Europe enjoy continental drift in African World Cup
Johannesburg: A World Cup that started in embarrassment and disarray for Europe came to be dominated by three of its teams playing with levels of skill and discipline that South America simply could not match.
Spain`s win over Netherlands on Sunday gave Europe a first World Cup triumph outside the continent and while the final was a scrappy affair the two teams reached it by virtue of keeping possession, moving well off the ball and waiting for chances.
Germany, who took a deserved third place by beating Uruguay, played in a more direct style and there was much to admire, and emulate, in a young team that produced the performance of the tournament in their 4-0 quarter-final humiliation of Argentina.
Europe edged 10-9 ahead of South America in the tally of World Cup wins but it would be too simplistic to see this as any great seismic shift in the balance of power.
The continental drift in South Africa was a breakthrough for Europe, certainly, but one that disguised worrying signs of weakness beyond that imperious trio of teams with their fleet-footed, quick-thinking, highly skilled players.
The start of the World Cup was all about South America.
It was not until one of the final two games in the group phase that a European team managed to beat one from South America, with Spain edging Chile 2-1 to send both sides through.
The other four South American sides all made it through as group winners, and for the first week or two all around them Europe`s finest were in disappointing form on the pitch, with some in disarray off it too.
Italy and France, champions and runners-up in 2006, were both eliminated during the group phase.
Italy`s team, described as billy goats by their midfielder Gennaro Gattuso, were too old, too slow and too cautious as they capitulated in a 3-2 defeat by Slovakia.
France were even worse, causing a national crisis when the players went on strike, refusing to train before exiting meekly in a defeat against the hosts.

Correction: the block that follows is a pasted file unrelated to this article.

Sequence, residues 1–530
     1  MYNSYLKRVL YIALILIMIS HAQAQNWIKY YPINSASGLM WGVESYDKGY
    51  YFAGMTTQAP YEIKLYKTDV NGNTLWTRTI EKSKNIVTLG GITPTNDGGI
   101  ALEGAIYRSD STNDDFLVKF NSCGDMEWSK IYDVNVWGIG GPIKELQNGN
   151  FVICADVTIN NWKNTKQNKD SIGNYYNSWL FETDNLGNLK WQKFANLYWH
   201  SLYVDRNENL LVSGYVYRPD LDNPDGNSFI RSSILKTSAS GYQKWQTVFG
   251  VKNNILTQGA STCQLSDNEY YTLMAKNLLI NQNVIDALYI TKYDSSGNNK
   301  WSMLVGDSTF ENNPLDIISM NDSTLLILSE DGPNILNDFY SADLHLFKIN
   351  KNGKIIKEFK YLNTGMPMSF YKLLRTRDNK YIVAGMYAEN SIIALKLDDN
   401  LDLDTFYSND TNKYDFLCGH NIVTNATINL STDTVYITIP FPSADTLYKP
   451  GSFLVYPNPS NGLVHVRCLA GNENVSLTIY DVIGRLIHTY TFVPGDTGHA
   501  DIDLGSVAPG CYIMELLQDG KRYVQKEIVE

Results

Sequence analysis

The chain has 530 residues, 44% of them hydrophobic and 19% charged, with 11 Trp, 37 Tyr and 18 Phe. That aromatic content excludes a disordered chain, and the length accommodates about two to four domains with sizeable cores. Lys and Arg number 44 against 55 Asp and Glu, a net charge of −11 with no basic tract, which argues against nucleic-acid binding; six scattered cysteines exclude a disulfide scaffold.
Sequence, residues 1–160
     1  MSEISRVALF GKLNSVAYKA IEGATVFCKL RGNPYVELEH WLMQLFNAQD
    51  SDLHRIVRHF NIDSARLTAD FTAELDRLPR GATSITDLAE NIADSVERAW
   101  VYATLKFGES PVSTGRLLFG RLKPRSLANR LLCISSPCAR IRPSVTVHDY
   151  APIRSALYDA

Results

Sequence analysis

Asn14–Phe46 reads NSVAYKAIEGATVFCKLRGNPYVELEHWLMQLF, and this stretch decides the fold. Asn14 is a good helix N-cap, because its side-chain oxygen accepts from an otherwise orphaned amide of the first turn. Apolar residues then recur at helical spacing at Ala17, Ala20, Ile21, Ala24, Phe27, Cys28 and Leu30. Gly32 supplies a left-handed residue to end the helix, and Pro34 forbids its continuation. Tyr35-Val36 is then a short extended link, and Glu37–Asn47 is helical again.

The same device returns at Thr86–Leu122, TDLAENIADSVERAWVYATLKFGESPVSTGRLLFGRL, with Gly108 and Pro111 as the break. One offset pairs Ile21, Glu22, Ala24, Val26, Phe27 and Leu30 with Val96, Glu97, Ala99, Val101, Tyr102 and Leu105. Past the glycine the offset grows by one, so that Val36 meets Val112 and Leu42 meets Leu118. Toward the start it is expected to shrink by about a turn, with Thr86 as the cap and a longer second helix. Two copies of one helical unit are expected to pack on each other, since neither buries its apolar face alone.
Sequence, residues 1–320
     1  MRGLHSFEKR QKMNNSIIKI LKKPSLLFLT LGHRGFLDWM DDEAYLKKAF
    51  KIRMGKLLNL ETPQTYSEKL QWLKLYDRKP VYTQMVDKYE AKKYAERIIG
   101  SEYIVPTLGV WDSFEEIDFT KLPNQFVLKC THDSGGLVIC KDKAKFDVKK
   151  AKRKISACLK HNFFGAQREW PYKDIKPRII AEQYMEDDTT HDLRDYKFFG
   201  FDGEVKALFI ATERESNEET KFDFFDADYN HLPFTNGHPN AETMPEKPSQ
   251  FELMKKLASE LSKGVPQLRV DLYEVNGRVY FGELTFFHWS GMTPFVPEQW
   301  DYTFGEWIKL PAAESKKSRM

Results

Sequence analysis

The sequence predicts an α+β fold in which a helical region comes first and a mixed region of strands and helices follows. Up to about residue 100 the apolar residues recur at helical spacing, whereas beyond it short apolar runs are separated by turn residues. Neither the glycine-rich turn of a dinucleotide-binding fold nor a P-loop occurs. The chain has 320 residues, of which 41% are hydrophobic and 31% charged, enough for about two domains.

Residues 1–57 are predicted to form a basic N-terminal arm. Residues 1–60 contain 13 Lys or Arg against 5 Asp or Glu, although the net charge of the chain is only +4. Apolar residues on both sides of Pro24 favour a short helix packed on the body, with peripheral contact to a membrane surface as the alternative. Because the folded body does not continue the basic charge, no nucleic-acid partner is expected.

England were scarcely any better, managing one group-phase win against Slovenia and draws with the United States and Algeria before a 4-1 defeat by Germany finally put an overhyped, underperforming team out of their misery.
There had been trouble in the England camp, too, with Italian coach Fabio Capello reprimanding John Terry for making public comments over team selection.
Second-tier European teams contributed a couple of upsets but never hinted at breaking through.
Slovakia had that great win over Italy before losing to the Dutch, Serbia beat Germany in the group phase but then failed to make it through, Denmark were well beaten by Japan.
Greece were anonymous and Slovenia blew a great chance to progress when they let slip a 2-0 lead against the US.
Switzerland began their campaign with a scarcely credible 1-0 win over Spain only to find they had peaked far too early and make an exit at the group phase.
Portugal, 7-0 winners over North Korea in their second game, failed to score in any of their other matches and lost 1-0 to Spain in the second round, with Cristiano Ronaldo doing nothing to justify his huge reputation.
Spain`s run to the final was hardly one for soccer romantics either. After that dispiriting defeat by a limited Swiss side they improved by tiny increments, grasping for the easy style that took them to victory at Euro 2008 and scoring just eight goals in their seven games.
The Dutch were quietly efficient in the early games before exploding into life in the quarter-final comeback against Brazil and taking that form all the way through to the final.
Beyond the top two, both trying to play the cultivated style of Europe`s most influential side, Barcelona, and a Germany team in a process of rebuilding there was not much for Europe to rejoice in.
A one-two-three finish and a new name on the trophy was of course a triumph and provided a new model that France, Italy, England and the other lumbering heavyweights would do well to follow at the 2014 finals.